Lecture 29 Creating Effective Visual Aids Presentation Skills
Recap • Verbal Communication Skills • Tips to improve your verbal communications skills • 7 C’s of Communication • Effective verbal communication
What are Visual Aids? • Visual aids are an important part of many presentations. • The most commonly used media are the flipchart and computer-based presentation programs.
The Purpose of Using Visual Aids in your Presentations • The Purpose of Using Visual Aids should be: • To support your ideas and improve audience comprehension of your presentation • To add variety to your presentation by giving the audience a break from listening and letting to see something. • To help illustrate complex ideas or concepts and help in reinforcing your ideas.
Presentations and Visual Aids • While you usually submit a written version of your work, you may also be expected to present it to your class orally. • This can be a great opportunity to learn presentation technologies such as: • Posters • PowerPoint or “prezi”.
Presentations and Visual Aids • You can make visual aids to support your: • spoken delivery • ranging from basic points to more complex multimedia creations incorporating: • film clips • Pictures • graphics and • Animations
Why use Visual Aids? • Preparation for your presentation should involve design of any visual aids which help your audience to understand what you are saying. • Images and diagrams can convey messages and information which, if spoken, would take longer to explain and be harder to digest. • However, don't assume that you can flash up a diagram and the audience will immediately understand what it means.
Why use Visual Aids? • Audience need time and clear explanations to make sense of your material. Visual stimuli combined with your oral delivery also make the presentation more memorable. • They are also a good way of maintaining your audience's interest and attention. • Make sure they support and complement what you are saying, not directly repeat, contradict or distract from your speech.
What is a Visual Aid? • The main types of visual aids are: • Whiteboard • flip chart • overhead projector (OHP) • PowerPoint (or other presentation software) • Video • Props • Handouts • Posters • yourselves demonstrating an action or in a role play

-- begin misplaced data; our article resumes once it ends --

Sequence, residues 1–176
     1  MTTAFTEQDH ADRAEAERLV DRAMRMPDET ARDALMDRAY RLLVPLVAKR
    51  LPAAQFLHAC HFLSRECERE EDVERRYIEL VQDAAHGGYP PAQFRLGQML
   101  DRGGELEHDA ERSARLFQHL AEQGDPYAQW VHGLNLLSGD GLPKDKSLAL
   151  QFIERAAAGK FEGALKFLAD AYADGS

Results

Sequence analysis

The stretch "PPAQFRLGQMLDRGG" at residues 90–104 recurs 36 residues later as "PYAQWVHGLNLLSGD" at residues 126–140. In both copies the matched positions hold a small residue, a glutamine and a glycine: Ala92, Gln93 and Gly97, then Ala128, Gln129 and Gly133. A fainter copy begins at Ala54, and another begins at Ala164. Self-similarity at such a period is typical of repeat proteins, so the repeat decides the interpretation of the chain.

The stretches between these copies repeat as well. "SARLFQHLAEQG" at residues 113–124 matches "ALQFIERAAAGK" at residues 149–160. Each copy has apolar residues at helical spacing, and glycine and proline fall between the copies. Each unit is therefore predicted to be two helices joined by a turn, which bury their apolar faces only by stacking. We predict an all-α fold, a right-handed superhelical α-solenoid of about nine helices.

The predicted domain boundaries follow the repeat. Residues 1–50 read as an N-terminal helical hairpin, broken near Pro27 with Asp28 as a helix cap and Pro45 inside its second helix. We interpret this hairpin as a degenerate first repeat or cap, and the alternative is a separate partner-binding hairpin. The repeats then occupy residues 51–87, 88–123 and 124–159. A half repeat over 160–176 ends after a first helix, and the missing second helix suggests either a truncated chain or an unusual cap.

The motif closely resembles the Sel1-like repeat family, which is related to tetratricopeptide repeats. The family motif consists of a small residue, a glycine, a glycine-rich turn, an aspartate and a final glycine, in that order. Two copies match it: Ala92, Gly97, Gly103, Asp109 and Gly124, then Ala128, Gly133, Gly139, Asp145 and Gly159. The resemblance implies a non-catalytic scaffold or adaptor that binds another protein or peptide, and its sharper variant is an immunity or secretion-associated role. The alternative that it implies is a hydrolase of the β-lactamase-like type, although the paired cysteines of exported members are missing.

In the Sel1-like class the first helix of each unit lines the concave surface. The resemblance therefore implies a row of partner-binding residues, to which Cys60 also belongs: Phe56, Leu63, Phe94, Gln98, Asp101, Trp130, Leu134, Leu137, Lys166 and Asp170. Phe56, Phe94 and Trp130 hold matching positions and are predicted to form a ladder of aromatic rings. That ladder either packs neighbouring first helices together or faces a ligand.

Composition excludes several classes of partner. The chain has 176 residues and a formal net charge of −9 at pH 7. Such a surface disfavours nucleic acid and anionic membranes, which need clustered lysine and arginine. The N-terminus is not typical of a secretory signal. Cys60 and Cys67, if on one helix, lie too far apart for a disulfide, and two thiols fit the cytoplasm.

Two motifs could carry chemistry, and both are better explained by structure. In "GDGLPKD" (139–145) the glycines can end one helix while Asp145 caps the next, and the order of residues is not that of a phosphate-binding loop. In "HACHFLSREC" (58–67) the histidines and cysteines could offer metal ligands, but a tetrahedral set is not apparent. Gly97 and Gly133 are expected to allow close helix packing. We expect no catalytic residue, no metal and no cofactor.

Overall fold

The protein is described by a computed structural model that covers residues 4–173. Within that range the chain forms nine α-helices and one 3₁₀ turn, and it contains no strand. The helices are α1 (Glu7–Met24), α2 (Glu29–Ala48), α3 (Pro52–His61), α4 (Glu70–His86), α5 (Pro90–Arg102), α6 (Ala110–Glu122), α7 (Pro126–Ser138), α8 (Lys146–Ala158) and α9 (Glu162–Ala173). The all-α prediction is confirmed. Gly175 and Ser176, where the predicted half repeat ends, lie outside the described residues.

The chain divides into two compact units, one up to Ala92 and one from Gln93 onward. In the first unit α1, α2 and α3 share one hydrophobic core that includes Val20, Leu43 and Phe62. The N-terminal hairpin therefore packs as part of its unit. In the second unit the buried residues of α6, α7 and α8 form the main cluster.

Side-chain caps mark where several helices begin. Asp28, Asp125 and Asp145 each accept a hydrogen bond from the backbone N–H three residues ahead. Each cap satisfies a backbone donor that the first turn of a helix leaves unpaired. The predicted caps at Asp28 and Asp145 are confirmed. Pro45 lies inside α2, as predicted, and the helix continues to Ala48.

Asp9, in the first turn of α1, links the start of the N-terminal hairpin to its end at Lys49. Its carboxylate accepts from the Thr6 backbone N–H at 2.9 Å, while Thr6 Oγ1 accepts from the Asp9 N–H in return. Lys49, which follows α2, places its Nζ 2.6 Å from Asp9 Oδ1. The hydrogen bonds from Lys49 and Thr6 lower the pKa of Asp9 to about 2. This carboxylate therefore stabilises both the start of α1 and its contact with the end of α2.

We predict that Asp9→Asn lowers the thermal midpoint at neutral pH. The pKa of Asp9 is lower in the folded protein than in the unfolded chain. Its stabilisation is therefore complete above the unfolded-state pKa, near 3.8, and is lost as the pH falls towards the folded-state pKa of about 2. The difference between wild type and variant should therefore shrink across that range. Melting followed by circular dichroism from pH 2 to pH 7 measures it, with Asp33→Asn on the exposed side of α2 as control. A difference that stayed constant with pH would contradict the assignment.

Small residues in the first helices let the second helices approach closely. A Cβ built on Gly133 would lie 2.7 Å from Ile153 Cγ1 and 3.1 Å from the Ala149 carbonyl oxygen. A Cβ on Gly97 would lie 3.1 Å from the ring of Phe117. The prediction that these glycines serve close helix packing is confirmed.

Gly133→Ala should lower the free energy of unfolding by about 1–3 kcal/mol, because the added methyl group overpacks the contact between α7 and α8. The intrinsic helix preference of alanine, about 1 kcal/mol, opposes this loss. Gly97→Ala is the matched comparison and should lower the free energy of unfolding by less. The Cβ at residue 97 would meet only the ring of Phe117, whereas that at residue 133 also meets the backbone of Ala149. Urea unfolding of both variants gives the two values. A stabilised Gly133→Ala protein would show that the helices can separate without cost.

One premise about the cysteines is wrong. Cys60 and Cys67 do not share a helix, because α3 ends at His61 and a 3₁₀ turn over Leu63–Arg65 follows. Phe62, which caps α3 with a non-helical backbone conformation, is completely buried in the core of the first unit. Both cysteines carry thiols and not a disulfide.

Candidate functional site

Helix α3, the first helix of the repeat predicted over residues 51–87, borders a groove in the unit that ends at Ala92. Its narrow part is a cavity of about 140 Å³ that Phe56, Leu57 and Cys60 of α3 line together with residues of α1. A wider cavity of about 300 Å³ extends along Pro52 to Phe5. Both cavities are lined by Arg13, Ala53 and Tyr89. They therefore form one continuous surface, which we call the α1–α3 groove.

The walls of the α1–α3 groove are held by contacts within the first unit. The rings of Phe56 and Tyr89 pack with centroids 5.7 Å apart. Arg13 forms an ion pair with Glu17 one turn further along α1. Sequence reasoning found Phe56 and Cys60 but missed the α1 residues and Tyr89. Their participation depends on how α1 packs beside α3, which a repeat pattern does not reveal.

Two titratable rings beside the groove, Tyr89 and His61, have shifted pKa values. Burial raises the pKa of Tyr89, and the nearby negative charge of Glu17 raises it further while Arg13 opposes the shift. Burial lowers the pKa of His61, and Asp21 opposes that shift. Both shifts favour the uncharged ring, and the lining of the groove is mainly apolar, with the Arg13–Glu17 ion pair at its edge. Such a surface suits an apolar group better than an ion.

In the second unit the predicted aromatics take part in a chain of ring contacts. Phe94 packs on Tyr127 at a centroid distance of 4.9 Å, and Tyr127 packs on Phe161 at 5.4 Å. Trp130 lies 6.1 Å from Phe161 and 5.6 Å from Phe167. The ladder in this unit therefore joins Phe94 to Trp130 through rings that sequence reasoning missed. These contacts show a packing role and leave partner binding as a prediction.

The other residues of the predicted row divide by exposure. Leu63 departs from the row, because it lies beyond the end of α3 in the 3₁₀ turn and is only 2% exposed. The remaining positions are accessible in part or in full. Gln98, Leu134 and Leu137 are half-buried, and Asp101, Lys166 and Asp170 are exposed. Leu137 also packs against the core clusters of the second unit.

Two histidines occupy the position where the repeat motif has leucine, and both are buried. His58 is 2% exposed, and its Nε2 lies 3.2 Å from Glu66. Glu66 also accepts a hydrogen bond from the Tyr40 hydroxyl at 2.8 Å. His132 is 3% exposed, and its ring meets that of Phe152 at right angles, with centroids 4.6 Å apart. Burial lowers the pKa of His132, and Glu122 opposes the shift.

Which types of visual aid might you use in your next presentation? For example:Consider whether PowerPoint is the best way to show a detailed diagram or would a handout be better? What might you use a flip chart for?
Example: Posters • These can be made on PowerPoint or Microsoft Word. • They’re not difficult to design, but: • before you decide to make one • check how you will get it printed • as that can be expensive if you have to pay a printer.
What makes an Effective PowerPoint Presentation? • You will probably have your own ideas about this, so think about how you feel about PowerPoint as a member of the audience and list good and poor techniques.
Here are some highlights, common pitfalls and techniques for making the most of PowerPoint including aspects using as: • PowerPoint as a script • Designing accessible visual aids • Effective diagrams and graphs • Referencing We will watch the sample Presentation at the end!!!
Using your Visual Aids • Here are a few suggestions for making most effective use of your carefully designed visual aids: 1. Be careful not to stand in front and obscure the view of your audience.
Using your Visual Aids 2. Avoid reading from the large projector screen as this means you turn your back to the audience obscuring eye contact and reducing projection of your voice. • If you need to read directly from the text look at the PC or laptop screen.
Using your Visual Aids 3. Try making brief notes on index cards, including any details like dates, statistics or names that you need to get right. No-one will expect you to speak without an aide memoir.
Using your Visual Aids • Be sure to interact with the information on your visual aids by pointing to specific points or part of diagrams etc. This helps the audience to make links between your speech and detail on the visual aids.